was introduced by Agrawal, Imielinski and Swami
[1][2]. This thesis work provided basic idea to several
investigation efforts [4] resulting in descriptions of
how to extend the original concepts and how to
increase the performance of the related algorithms.
(IJCSIS) International Journal of Computer Science and Information Security,
Vol. 8, No. 6, September 2010
221
http://sites.google.com/site/ijcsis/
ISSN 1947-5500
The original problem of mining association
rules was formulated as how to find rules of the form
set1 set2. This rule is supposed to denote affinity
or correlation among the two sets containing nominal
or ordinal data items. More specifically, such an
association rule should translate the following
meaning: customers that buy the products inset1 also
buy the products inset2. Statistical basis is
represented in the form of minimum support and
confidence measures of these rules with respect to the
set of customer transactions.
The original problem as proposed by
Agrawal et al.[2] was extended in several directions
such as adding or replacing the confidence and
support by other measures, or filtering the rules
during or after generation, or including quantitative
attributes. Srikant and Agrawal describe a new
approach where quantitative data can be treated as
categorical. This is very important since otherwise
part of the customer transaction information is
discarded.
Whenever an extension is proposed it must
be checked in terms of its performance. The
algorithm efficiency is linked to the size of the
dataset that is amenable to be treated. Therefore it is
crucial to have efficient algorithms that enable us to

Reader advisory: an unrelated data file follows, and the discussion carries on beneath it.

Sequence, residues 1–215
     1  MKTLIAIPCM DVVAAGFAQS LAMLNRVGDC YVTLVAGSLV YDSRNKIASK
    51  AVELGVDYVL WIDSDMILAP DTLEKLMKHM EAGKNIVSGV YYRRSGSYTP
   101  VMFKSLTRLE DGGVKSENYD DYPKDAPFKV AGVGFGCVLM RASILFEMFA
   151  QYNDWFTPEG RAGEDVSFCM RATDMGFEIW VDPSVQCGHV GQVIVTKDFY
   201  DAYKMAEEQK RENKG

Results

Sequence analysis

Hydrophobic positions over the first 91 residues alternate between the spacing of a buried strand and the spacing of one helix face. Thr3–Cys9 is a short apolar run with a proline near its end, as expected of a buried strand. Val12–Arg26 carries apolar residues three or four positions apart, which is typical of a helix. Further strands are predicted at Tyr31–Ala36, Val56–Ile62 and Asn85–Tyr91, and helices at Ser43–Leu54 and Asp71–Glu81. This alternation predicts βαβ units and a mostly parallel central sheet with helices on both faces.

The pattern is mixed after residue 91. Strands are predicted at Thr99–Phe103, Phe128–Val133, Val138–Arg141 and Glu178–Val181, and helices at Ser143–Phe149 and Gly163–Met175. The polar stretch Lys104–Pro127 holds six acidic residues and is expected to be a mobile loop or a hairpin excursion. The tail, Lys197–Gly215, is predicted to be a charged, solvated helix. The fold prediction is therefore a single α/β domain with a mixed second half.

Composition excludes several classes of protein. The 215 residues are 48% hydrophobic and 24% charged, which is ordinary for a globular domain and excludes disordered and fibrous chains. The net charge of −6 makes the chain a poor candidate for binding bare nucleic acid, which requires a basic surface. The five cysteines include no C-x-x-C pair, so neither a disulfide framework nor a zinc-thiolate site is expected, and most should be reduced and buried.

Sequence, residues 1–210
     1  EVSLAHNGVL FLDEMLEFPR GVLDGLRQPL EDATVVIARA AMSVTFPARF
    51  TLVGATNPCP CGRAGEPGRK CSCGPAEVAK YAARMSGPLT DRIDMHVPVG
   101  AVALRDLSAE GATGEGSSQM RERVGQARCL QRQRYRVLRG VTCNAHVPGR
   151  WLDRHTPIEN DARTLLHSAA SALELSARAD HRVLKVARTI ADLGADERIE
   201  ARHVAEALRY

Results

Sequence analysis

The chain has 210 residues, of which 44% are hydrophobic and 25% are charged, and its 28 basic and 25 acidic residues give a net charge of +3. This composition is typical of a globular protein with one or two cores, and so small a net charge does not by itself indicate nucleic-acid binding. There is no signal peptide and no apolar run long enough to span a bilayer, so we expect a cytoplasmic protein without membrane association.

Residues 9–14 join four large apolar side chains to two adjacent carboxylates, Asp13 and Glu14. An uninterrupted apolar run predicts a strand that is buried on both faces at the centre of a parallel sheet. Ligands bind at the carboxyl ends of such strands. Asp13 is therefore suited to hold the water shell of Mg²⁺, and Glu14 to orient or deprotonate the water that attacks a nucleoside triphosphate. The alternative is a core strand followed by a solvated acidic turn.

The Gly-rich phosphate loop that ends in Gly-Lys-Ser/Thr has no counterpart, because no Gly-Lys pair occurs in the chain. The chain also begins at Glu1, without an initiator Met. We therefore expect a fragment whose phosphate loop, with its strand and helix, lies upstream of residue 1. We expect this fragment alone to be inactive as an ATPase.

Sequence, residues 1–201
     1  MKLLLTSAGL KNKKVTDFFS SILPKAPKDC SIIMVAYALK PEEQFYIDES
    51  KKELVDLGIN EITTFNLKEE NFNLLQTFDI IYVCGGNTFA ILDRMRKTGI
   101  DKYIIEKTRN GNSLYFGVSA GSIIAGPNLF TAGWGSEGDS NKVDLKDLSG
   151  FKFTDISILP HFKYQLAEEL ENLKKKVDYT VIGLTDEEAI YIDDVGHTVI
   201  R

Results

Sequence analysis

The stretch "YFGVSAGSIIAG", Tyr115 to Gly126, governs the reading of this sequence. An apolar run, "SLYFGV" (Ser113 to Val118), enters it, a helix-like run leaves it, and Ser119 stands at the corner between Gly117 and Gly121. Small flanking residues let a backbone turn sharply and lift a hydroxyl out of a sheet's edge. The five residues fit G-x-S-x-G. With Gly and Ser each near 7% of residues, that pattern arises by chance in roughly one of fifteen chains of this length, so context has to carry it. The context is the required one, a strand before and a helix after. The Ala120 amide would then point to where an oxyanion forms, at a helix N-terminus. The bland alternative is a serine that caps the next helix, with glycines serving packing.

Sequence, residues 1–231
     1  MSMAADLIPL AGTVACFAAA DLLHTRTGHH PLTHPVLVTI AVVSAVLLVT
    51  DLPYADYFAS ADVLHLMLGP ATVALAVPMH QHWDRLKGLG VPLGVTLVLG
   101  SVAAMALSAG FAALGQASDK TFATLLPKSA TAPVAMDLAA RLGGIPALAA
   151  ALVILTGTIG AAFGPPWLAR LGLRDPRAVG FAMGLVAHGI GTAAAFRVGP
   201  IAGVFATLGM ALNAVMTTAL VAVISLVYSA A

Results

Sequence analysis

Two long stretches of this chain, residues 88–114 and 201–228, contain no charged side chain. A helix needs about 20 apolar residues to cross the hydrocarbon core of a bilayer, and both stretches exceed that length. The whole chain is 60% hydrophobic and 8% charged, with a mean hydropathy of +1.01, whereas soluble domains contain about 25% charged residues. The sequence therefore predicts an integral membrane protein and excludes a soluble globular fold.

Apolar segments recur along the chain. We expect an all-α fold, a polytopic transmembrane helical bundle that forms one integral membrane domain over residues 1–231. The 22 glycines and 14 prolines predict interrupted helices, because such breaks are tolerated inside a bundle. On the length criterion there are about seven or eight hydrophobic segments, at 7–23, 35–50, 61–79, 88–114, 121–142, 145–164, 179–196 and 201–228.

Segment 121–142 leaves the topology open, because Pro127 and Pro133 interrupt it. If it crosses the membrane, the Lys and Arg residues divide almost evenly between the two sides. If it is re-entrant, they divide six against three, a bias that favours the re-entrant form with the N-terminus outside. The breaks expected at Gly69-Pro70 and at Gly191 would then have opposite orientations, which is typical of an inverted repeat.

examine and extract valuable decision-making
information in the ever larger databases.
This thesis present an algorithm that can be
used in the context of several of the extensions
provided in the literature but at the same time
preserves its performance. The approach in our
algorithm is to explore multidimensional properties
of the data (provided such properties are present),
allowing to combine this additional information in a
very efficient pruning phase. This results in a very
flexible and efficient algorithm that was used with
success in several experiments using quantitative
databases with performance measure done on the
memory utilization during the transactional pruning
of the record sets.
II. LITERATURE REVIEW
Various proposals for mining association
rules from transaction data were presented on
different context. Some of these proposals are
constraint-based in the sense that all rules must fulfill
a predefined set of conditions, such as support and
confidence [6,7,8]. The second class identify just the
most interesting rules (or optimal) in accordance to
some interestingness metric, including confidence,
support, gain, chi-squared value, gini, entropy gain,
laplace, lift, and conviction [9,6]. However, the main
goal common to all of these algorithms is to reduce
the number of generated rules.
A)Existing Scheme
The thesis extend the first group of
techniques since it do not relax any set of conditions
nor employ a interestingness criteria to sort the